Gardner believes that the indoors and outdoors truly do work hand in hand, and this has to be taken into account throughout the whole process. “We notice the hierarchy of the plants and the landscape to the architecture. You can see this in the organization of the elements. It’s a series of views. It’s not chaotic. It’s soothing and calming.” By paying such close attention to the indoor/ outdoor relationships, and by approaching it as a total, integrated space, Gardner says it expands people’s vision of what indoor/outdoor can be, and it enhances the home’s livability. “What you end up with is a home that feels and lives like it’s a luscious estate.”

The Climate Is Right

Admittedly, Jones and Gardner say that indoor/outdoor relationships are easier to do in Las Vegas than in some other areas. But indoor/outdoor living is a trend that is being seen not only on the coasts or in warmer climates, and there has been more consumer awareness and demand for these features in recent years.

New American Home 2013 Casita


The part of this home in regard to indoor/outdoor that builders in other parts of the country can take away, says Jones, “is the integration of the design, the blending of interior and exterior materials.” Architect Gardner agrees that there are elements employed here that are translatable to other climates, and he says the trick is to approach it through “regionally responsive design.” In this home, he says they used tactics to get light in without exposing it to too much heat, such as placing linear slit windows on the south facing side. “Everywhere in the country you have to deal with south facing or west facing glass,” says Gardner. He recommends examining solar orientation, overhangs, and using doors versus smaller broken up windows to invite the outdoor space in. “Think of it holistically as part of the design process. You can do this anywhere, and it doesn’t cost more.”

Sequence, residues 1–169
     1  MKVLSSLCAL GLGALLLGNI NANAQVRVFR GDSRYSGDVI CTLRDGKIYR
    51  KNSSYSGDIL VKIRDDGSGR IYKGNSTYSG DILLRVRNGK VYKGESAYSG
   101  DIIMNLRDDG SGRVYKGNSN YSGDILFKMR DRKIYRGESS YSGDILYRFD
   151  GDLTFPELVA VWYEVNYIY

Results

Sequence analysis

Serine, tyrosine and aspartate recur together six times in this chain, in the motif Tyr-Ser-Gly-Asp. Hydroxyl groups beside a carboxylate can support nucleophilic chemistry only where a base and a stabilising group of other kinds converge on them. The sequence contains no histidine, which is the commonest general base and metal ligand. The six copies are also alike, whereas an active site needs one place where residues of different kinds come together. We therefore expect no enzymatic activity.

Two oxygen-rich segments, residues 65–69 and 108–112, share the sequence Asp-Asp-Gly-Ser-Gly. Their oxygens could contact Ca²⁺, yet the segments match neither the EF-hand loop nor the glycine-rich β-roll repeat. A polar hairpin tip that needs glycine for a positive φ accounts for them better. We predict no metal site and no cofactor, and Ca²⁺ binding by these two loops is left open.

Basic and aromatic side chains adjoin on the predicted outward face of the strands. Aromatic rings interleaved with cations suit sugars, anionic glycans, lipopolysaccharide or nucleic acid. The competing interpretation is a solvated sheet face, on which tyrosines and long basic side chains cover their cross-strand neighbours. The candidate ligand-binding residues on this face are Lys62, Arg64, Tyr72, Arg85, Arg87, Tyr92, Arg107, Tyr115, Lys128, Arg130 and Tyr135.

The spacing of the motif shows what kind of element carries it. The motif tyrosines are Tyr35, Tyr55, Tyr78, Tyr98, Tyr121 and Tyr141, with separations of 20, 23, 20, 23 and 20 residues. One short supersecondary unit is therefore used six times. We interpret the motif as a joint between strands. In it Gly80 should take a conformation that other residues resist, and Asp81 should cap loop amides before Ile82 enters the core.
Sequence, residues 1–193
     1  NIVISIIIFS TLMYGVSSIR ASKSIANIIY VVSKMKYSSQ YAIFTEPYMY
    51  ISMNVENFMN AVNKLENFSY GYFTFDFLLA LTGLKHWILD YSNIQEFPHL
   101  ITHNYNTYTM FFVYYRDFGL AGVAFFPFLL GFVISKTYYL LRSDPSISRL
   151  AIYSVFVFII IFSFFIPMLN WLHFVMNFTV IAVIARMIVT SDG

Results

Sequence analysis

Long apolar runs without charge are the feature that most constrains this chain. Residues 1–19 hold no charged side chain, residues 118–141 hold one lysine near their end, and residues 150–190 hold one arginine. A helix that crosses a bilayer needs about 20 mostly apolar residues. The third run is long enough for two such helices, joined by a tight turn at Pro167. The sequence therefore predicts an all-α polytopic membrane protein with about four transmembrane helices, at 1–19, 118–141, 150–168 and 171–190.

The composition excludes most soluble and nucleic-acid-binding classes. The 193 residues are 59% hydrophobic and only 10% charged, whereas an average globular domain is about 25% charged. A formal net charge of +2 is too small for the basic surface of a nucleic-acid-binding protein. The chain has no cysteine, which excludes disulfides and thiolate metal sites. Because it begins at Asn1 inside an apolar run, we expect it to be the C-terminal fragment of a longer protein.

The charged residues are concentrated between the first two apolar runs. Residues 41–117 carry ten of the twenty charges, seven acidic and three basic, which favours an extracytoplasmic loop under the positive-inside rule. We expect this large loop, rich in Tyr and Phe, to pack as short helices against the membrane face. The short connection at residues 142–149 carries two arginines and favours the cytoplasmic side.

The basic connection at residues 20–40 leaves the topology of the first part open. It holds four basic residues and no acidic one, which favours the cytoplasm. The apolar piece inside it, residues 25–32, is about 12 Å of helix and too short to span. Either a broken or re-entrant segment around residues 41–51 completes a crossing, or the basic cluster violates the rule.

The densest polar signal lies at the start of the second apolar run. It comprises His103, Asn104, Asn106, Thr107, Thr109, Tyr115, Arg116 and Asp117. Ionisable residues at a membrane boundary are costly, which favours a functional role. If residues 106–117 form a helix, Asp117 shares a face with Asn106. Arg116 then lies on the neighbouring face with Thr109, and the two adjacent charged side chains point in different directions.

This article originally appeared in Volume 13, Issue 1 (January 2013) of Portfolio Magazine.